shooter for nearly that long, while working on old-school cars and writing for enjoyment. “Writing is much more convenient to do now with the web, I’ve always been a fair wordsmith, and bright. I read alot,” said Walsh. The Pacovilla blog and the Electronics magazine are two forums he currently contributes to. Walsh has a distinctive style, sporting creative T-shirts and uniformlike attire, among Celtic crosses and torque bracelets a part of Irish culture. “It’s kind of an artistic and political statement,” said Walsh about his attire. All around Walsh is more than your average student. “Sometimes people fool ya,” said Walsh.

Tamales for every time of year by sonya herrera deltacollegian@gmail.com

A tamale can be made of many things. Some tamales are made from rice and banana leaves; some are made from fruits such as guava and pineapple. Some Delta students have even rolled turkey tamales for Thanksgiving! Whatever the flavor, tamales are a common sight during the holiday season, and are enjoyed by Delta students of different backgrounds. Despite the treat’s popularity, many students have never eaten a single tamale. Delta student Jerry Sakun thinks those students are missing out. “Tamales are awesome,” he said. The treat is mainly associated with Mexican cuisine and culture. Tamales have traveled throughout South and North America and have evolved into many different varieties, including sweet tamales and breakfast tamales. Most students’ favorite tamale memories have to do with family. Delta student Bo Baca’s mother used to make sweet tamales. “She was originally from Mexico, and everybody has regular tamales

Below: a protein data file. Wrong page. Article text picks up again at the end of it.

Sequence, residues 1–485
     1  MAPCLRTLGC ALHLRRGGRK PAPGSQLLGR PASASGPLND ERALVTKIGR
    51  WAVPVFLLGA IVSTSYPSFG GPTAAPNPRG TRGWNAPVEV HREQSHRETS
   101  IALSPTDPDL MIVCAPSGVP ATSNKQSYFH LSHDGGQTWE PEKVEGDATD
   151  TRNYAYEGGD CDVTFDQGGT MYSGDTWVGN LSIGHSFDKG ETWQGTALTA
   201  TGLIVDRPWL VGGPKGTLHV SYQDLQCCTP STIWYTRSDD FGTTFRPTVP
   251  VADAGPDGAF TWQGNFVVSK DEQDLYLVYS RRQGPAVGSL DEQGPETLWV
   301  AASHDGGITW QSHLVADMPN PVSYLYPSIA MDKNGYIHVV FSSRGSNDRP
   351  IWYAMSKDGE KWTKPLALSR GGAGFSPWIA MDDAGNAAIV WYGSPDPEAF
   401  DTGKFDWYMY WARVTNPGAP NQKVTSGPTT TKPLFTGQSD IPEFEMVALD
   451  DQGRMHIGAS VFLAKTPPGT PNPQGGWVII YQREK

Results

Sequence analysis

but she had sweet tamales, with cinnamon and raisin.” said Baca. “I’ll always have a fond memory for that.” Delta student Terreon Wofford said that he helped his mother roll tamales for Christmas last year. “We made turkey tamales, and we made chicken tamales,” he said. “We made them kind of like a hybrid between enchiladas, too, so it was really good.” Some students prefer to consume tamales more traditionally. “The best way to eat them, though, is with atole. It’s a type of drink. I forgot how you call it in English, but it’s really, really good with it,”said Johnathan Herrera. Atole is a corn-based beverage often served with tamales during the holidays. Readers may not know that corn originally evolved from maize, a plant domesticated by ancient Mesoamericans, including some Delta students’ Mexican ancestors. The Christmas treat isn’t for everyone. “I’m not too much of a fan of

PHOTO COURTESY OF SONYA HERRERA

them,” said Delta student Jamal Crawford. “I appreciate the Mexican culture for making them, but, me, personally, I don’t prefer buying them anymore.” Homemade tamales are made year-round. “My mom just makes tamales regardless of whether it’s holiday or not,” said Jorge Gonzalez. “They’re not really ‘holiday’ for me.” For the rest of us less fortunate students, homemade tamales will remain associated to the holidays. “Best homemade food we got,” said Delta student Chris Hinojosa. “That’s why I wait for this time of year.”